Diabetes – What is Diabetes?
Diabetes is a serious illness that affects millions of people every year. It happens when your body isn’t producing enough insulin, or it’s unable to utilize the insulin it does produce effectively.
The good news is that it is curable and prevented or delayed by diet, exercise and medications. It is important to understand the symptoms to determine whether you have a problem and seek treatment.
What is diabetes?
Diabetes is a chronic health condition (long-lasting) that affects the way your body converts food into energy. It occurs when your pancreas stops making enough insulin or isn’t able to use it as efficiently as it should.
Insulin is the hormone that helps your body absorb and use glucose, also referred to as sugar. Type 2 diabetics don’t produce enough insulin or aren’t able to use it properly.
In both forms of diabetes, blood sugar levels get too high over time. This can lead to issues with the kidneys, eyes and feet. It could also cause damage to arteries in your heart and brain.
Type 1 diabetes
Type 1 diabetes is an autoimmune disorder which means that your body’s immune system attacks and destroys insulin-producing cells in the pancreas. The process of destruction can last for months or even years until it eventually leads to an inability to produce insulin.
Type 1 diabetics need to take insulin every day. They also have to keep track of their blood sugar levels and adjust their insulin, food, and activities to maintain their blood sugar within the healthy range.
Type 2 diabetes
If you have type 2 diabetes the body does not make insulin as it should. Insulin is a hormonal substance that aids your cells in moving glucose (blood sugar) from your blood into your cells which can then be used as energy.
Type 2 diabetes sufferers need to treat their condition through a healthy diet and exercise. They may also have to take medications to manage their blood sugar levels.
Signs of women having diabetes
Diabetes is a chronic illness that affects all races and ethnic groups and ages as well as genders. Women are at higher risk than men.
Women who suffer from diabetes have a higher likelihood of developing complications than men, including heart disease (the most frequent diabetes complication) and loss of vision.
One of the first signs of women with diabetes is increased thirst and urination, called polydipsia. This is due to diabetes causing excess sugar to build up in the blood and your kidneys aren’t able to get rid of it in a proper manner.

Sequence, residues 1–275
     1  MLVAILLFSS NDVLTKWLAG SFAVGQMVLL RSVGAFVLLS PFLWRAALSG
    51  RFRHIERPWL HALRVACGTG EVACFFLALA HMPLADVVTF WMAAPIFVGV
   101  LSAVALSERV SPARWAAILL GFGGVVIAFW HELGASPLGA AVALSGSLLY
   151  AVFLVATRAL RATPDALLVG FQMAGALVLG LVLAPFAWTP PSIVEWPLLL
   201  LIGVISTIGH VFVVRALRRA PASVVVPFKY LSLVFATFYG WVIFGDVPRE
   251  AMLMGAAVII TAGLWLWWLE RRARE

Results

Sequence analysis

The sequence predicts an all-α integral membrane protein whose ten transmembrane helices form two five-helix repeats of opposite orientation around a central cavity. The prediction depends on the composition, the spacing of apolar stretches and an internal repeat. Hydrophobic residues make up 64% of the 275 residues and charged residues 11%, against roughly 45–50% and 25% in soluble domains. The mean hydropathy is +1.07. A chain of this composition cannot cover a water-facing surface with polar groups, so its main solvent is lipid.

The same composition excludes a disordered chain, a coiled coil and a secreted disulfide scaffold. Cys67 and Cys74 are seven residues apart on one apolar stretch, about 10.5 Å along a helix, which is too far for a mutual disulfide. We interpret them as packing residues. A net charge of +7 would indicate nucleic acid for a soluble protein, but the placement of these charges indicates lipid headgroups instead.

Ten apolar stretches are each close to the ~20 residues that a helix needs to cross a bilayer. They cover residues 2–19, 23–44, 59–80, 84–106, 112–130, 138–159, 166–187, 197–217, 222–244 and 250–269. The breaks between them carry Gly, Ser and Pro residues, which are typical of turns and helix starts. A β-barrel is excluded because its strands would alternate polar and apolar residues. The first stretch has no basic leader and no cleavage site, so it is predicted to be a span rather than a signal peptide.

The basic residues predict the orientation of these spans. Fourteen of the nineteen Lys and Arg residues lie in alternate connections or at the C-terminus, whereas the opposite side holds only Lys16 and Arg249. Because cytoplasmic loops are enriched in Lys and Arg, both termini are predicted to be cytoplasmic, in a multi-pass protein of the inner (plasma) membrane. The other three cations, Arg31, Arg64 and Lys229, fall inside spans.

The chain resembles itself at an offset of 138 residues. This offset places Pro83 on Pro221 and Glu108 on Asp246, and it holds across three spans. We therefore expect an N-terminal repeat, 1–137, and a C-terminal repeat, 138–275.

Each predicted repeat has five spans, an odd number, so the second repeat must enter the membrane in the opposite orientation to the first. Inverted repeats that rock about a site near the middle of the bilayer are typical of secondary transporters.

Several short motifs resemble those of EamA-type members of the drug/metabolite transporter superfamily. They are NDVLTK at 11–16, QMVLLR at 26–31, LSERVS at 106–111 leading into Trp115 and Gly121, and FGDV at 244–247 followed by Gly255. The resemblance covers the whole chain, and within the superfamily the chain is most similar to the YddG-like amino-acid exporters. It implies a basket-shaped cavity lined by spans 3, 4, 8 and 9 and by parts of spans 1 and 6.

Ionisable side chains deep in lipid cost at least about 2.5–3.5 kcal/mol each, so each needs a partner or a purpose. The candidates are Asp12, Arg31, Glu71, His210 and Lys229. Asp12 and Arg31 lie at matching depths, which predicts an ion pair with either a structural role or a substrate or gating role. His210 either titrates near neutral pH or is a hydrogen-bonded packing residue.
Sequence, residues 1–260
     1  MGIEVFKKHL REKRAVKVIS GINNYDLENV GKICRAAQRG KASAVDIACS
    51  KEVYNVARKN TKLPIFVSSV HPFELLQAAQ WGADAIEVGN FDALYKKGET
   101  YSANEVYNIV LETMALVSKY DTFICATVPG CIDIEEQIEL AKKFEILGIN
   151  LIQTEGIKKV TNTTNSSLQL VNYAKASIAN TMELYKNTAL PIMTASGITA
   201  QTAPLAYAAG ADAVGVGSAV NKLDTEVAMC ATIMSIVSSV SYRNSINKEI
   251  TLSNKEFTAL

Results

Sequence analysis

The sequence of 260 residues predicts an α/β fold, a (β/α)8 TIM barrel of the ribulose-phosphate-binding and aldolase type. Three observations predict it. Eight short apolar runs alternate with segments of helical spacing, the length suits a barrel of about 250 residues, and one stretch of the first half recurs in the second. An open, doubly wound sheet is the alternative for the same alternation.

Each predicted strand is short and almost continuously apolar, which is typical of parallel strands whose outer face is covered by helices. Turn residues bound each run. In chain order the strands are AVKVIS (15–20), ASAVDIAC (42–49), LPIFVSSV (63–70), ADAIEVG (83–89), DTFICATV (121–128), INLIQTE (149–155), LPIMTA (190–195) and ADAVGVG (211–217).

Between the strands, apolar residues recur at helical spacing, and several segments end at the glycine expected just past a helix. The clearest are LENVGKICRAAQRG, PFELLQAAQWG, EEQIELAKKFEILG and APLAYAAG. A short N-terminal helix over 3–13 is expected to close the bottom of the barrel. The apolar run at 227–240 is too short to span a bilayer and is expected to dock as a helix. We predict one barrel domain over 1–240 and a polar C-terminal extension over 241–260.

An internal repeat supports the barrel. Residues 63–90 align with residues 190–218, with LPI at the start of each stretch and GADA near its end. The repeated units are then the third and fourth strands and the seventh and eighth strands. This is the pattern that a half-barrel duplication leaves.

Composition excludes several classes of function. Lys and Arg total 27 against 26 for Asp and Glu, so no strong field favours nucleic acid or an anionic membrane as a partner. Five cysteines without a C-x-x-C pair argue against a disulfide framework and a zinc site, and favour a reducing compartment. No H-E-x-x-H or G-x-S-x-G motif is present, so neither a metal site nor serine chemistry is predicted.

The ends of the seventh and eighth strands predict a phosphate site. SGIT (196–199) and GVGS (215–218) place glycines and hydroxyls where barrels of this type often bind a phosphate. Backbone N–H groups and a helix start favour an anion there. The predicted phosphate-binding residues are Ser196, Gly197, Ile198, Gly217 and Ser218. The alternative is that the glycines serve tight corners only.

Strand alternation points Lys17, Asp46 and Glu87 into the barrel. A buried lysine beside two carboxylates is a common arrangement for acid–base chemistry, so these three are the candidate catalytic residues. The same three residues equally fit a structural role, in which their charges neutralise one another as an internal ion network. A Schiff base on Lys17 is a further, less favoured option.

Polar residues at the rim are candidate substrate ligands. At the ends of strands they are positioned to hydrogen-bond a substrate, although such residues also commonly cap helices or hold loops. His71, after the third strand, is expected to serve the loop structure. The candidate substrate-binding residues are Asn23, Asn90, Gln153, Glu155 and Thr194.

Diabetes in men: Symptoms
Diabetes is a condition in which cells are unable use glucose (blood sugar) as energy source. This usually happens because the pancreas stops producing enough insulin.
This can result in high blood glucose levels. The body tries to reduce these levels by flushing excess glucose out of your bloodstream through urine.
People suffering from diabetes frequently have a thirsty feeling and must drink large amounts of fluids, up to four liters daily.
Men may also experience weight loss since their muscles are broken down by their bodies for energy, instead of fat. This is due to the fact that their blood sugar levels remain high for extended periods of time.
Developing a healthy diabetes diet is a key element in managing your diabetes. It can help manage blood sugar levels and weight, as well as reduce the risk factors for heart diseases.
Include whole foods in your diet, such as fruits, vegetables and whole grains. Also, dairy products that are low in fat products such as beans, legumes, and beans are good choices. It should be free of saturated (unhealthy) fats and added sugars.
You might also need to limit the amount of sweetened drinks with sugar you consume. These drinks are often packed with sugar and can cause blood sugar levels to increase.
Your doctor may prescribe diabetic medications to help keep your blood glucose (blood sugar) levels within the normal range. These drugs are often paired with lifestyle changes, like physical activity and diet, to manage the condition.
If your blood sugar levels are not being controlled by one medicine, you may require a second medication. Your doctor will work with you to choose the most appropriate medicine for your requirements and preferences.
Newer drugs like glucagonlike receptor agonists, peptide-1, and sodium-glucose cotransporter-2 inhibitors reduce blood sugar levels, provide cardiovascular and kidney benefits, and lower the risk of complications. They also aid in weight loss, and they come in both tablets and injections.